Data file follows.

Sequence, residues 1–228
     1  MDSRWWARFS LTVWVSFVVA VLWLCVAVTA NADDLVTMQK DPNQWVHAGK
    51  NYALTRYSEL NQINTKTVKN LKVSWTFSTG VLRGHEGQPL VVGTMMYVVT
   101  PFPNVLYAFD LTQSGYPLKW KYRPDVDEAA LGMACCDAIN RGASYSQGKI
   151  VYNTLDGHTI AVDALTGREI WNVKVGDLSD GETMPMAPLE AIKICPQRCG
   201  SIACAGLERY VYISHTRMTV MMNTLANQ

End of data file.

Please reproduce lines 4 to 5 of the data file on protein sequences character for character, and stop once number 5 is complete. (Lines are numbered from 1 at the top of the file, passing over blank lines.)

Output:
   101  PFPNVLYAFD LTQSGYPLKW KYRPDVDEAA LGMACCDAIN RGASYSQGKI
   151  VYNTLDGHTI AVDALTGREI WNVKVGDLSD GETMPMAPLE AIKICPQRCG